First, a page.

Though the Trial Examiner found numerous unfair labor practices committed by the Employer subsequent to this statement, she felt that the statement was "ambiguous in nature" and not an unfair labor practice. The Board concluded that "considering its total context, we find that the `serious harm' statement was coercive within the meaning of Section 8(a) (1) of the Act."

The language used by the Employer was considered in Amalgamated Clothing Workers of America Sagamore Shirt Co. v. NLRB, 124 U.S.App. D.C. 365, 376-377, 365 F.2d 898, 909-910 (1966), not "in and of itself * * * a `threat of reprisal or force'" absent extrinsic or accompanying circumstances. But we noted:

The notice may take a different coloration by virtue of the accompanying circumstances. Cf. Holmes, J., in Towne v. Eisner, 245 U.S. 418, 425, 38 S.Ct. 158, 62 L.Ed. 372 (1918). But the noncoercive character of the notice taken by itself precludes its prohibition unless the Board, endowed with the lens of an expert, provides explanatory findings revealing that the words taken on a darker hue when viewed in the perspective of the particular setting.

In the instant case, however, and in its particular setting, the Board did conclude the words take on a darker hue of threat of reprisal. The Board stressed that this was "not merely an isolated opinion unrelated in either context or application to Respondent's subsequent unlawful conduct." Rather it was in a setting of threats of plant closing, job loss, benefit losses, and coercive interrogation making up over 30 separate instances of coercive anti-union activity which the Board noted. This context "emphasized its meaning of `serious harm' * * * to make certain that the coercive effect thereof was not lost on its employees." Thus, unlike Sagamore Shirt, where we felt the notice alone was improperly condemned by reference to mere precedents, here the Board has made an assessment of the particular facts in drawing its conclusions. The drawing of inferences from the facts is for the Board, and our function is not to determine whether the inference of the Trial Examiner or the Board was superior

420 F.2d 1300
in this matter, but merely whether the Board's action was arbitrary and lacked support in the record. Amalgamated Clothing Workers of America...

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15 practice notes
  • N.L.R.B. v. Porta Systems Corp., No. 650
    • United States
    • United States Courts of Appeals. United States Court of Appeals (2nd Circuit)
    • May 29, 1980
    ...v. NLRB, 426 F.2d 1243 (D.C.Cir.), cert. denied, 400 U.S. 950, 91 S.Ct. 239, 27 L.Ed.2d 256 (1970); Amalgamated Clothing Workers v. NLRB, 420 F.2d 1296 (D.C.Cir.1969); NLRB v. Henry Colder Co., 416 F.2d 750 (7th Cir. 1969); Benson Veneer Co. v. NLRB, 398 F.2d 998 (4th Cir. 1968); NLRB v. Bi......
  • Amalgamated Clothing Workers of America v. NLRB, No. 22501
    • United States
    • United States Courts of Appeals. United States Court of Appeals (District of Columbia)
    • February 2, 1970
    ...in the area of remedies." Amalgamated Clothing Workers v. N. L. R. B. (Block-Southland Sportswear, Inc.), 137 U.S.App.D.C. 93 at 100, 420 F.2d 1296, at 1303 (1969). Accordingly "the Board's wide discretion to fashion appropriate remedies insulates its action in this case from judicial inter......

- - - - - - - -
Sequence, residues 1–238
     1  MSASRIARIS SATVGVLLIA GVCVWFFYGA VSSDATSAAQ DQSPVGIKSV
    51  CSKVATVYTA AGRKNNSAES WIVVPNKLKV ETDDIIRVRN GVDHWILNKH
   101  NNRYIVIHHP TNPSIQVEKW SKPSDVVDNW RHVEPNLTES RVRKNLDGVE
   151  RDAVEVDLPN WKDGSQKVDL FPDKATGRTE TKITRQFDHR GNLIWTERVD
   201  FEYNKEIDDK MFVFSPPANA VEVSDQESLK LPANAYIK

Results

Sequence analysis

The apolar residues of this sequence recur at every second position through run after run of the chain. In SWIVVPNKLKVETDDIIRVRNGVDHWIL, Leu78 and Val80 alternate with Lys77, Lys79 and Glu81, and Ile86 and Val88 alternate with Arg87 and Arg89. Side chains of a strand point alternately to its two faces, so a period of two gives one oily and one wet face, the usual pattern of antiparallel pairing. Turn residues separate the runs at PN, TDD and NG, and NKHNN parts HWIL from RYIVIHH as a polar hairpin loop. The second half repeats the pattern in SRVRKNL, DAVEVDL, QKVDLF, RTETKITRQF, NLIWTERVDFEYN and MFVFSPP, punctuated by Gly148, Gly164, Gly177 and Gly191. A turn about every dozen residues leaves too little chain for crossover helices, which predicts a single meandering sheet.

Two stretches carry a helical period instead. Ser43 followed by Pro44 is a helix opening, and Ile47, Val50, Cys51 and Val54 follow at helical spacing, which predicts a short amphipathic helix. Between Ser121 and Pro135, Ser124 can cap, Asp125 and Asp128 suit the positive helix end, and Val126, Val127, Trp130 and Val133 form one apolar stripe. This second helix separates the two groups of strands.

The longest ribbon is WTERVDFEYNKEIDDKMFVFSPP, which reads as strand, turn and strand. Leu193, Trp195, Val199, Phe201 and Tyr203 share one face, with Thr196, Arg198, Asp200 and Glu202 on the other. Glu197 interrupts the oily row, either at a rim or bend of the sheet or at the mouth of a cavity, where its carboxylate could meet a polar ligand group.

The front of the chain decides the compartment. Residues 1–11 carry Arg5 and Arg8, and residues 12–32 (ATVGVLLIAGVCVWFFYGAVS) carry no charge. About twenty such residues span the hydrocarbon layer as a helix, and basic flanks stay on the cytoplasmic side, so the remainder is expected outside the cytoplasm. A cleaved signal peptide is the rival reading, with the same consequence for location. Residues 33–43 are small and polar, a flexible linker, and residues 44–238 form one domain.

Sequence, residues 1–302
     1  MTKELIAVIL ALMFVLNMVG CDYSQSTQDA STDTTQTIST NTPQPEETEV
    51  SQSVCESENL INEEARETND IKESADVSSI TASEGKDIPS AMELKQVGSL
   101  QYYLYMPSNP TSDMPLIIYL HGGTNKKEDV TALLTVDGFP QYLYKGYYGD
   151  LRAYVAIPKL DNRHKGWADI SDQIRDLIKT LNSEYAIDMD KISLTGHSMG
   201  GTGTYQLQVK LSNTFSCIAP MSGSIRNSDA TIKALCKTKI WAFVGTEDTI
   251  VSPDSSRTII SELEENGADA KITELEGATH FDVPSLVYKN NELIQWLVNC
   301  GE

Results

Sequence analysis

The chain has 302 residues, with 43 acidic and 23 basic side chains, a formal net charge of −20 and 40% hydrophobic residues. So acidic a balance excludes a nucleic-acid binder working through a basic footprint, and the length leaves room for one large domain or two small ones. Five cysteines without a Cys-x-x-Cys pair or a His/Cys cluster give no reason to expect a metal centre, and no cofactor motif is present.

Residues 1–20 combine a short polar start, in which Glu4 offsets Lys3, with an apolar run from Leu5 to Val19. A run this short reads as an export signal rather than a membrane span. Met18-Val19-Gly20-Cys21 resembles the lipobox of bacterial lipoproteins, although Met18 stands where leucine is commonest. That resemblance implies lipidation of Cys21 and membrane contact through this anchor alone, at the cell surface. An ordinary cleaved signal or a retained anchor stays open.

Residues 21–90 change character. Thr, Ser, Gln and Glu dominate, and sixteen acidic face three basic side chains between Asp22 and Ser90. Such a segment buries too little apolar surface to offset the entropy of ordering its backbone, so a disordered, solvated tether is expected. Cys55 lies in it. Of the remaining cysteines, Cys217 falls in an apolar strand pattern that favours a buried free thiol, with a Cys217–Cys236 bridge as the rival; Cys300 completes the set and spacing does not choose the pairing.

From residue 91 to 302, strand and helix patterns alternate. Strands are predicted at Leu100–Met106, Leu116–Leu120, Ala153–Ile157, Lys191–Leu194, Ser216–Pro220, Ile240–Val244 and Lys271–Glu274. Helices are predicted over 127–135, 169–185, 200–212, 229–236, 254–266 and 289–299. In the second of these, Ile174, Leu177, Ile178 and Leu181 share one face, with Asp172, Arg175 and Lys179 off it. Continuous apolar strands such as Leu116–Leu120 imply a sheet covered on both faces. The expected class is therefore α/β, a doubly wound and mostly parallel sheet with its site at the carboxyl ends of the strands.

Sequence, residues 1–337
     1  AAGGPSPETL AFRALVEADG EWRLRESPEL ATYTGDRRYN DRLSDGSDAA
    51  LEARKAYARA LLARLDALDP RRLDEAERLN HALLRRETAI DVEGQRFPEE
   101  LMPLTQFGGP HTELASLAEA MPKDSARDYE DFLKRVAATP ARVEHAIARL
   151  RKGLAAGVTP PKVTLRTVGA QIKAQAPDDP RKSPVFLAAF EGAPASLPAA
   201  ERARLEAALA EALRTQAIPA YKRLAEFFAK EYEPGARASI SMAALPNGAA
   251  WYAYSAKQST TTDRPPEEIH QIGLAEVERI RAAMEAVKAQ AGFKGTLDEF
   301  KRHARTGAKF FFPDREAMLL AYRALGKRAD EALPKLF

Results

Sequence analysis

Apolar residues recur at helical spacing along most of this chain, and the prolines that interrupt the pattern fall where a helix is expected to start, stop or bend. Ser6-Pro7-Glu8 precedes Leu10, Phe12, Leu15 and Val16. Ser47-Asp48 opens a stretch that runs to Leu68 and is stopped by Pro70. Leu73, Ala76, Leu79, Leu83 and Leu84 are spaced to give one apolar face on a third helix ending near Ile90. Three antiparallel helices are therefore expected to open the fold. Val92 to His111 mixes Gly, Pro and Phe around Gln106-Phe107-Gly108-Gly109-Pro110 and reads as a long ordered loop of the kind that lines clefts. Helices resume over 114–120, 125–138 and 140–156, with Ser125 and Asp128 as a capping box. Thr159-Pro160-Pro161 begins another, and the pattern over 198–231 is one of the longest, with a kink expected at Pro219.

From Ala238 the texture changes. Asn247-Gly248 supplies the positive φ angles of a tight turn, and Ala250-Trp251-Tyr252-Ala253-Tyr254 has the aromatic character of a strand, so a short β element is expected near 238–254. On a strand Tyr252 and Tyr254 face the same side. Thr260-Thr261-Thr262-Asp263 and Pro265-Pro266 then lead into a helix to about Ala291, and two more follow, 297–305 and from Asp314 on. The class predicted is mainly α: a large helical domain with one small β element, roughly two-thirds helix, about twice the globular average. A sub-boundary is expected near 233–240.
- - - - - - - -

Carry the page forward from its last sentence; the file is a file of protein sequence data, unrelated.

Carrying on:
• Vokas Provision Co. v. N.L.R.B., Nos. 84-5886
    • United States
    • United States Courts of Appeals. United States Court of Appeals (6th Circuit)
    • July 21, 1986
    ...does not require a finding of anti-union animus. See, e.g., Block-Southland Sportswear, Inc., 170 N.L.R.B. 936, 981 (1968), enforced, 420 F.2d 1296 (D.C.Cir.1969). See also Service Employees International Union, Local 250 v. N.L.R.B., 600 F.2d 930, 939 (D.C.Cir.1979). The reason anti-union ......
  • Road Sprinkler Fitters Local Union No. 669 v. N.L.R.B., No. 669
    • United States
    • United States Courts of Appeals. United States Court of Appeals (District of Columbia)
    • June 18, 1982
    ...with applicable precedent. See, e.g., Oil, Chemical & Atomic Workers v. NLRB, 445 F.2d at 240-44; Amalgamated Clothing Workers v. NLRB, 420 F.2d 1296, 1300 (D.C.Cir.1969) (per curiam). We therefore decline to set aside the Board's determination that Gerald Hall was an employee within the me......
  • Request a trial to view additional results
15 cases
  • N.L.R.B. v. Porta Systems Corp., No. 650
    • United States
    • United States Courts of Appeals. United States Court of Appeals (2nd Circuit)
    • May 29, 1980
    ...v. NLRB, 426 F.2d 1243 (D.C.Cir.), cert. denied, 400 U.S. 950, 91 S.Ct. 239, 27 L.Ed.2d 256 (1970); Amalgamated Clothing Workers v. NLRB, 420 F.2d 1296 (D.C.Cir.1969); NLRB v. Henry Colder Co., 416 F.2d 750 (7th Cir. 1969); Benson Veneer Co. v. NLRB, 398 F.2d 998 (4th Cir. 1968); NLRB v. Bi......
  • Amalgamated Clothing Workers of America v. NLRB, No. 22501
    • United States
    • United States Courts of Appeals. United States Court of Appeals (District of Columbia)
    • February 2, 1970
    ...in the area of remedies." Amalgamated Clothing Workers v. N. L. R. B. (Block-Southland Sportswear, Inc.), 137 U.S.App.D.C. 93 at 100, 420 F.2d 1296, at 1303 (1969). Accordingly "the Board's wide discretion to fashion appropriate remedies insulates its action in this case from judicial inter......
  • Vokas Provision Co. v. N.L.R.B., Nos. 84-5886
    • United States
    • United States Courts of Appeals. United States Court of Appeals (6th Circuit)
    • July 21, 1986
    ...does not require a finding of anti-union animus. See, e.g., Block-Southland Sportswear, Inc., 170 N.L.R.B. 936, 981 (1968), enforced, 420 F.2d 1296 (D.C.Cir.1969). See also Service Employees International Union, Local 250 v. N.L.R.B., 600 F.2d 930, 939 (D.C.Cir.1979). The reason anti-union ......
  • Road Sprinkler Fitters Local Union No. 669 v. N.L.R.B., No. 669
    • United States
    • United States Courts of Appeals. United States Court of Appeals (District of Columbia)
    • June 18, 1982
    ...with applicable precedent. See, e.g., Oil, Chemical & Atomic Workers v. NLRB, 445 F.2d at 240-44; Amalgamated Clothing Workers v. NLRB, 420 F.2d 1296, 1300 (D.C.Cir.1969) (per curiam). We therefore decline to set aside the Board's determination that Gerald Hall was an employee within the me......
  • Request a trial to view additional results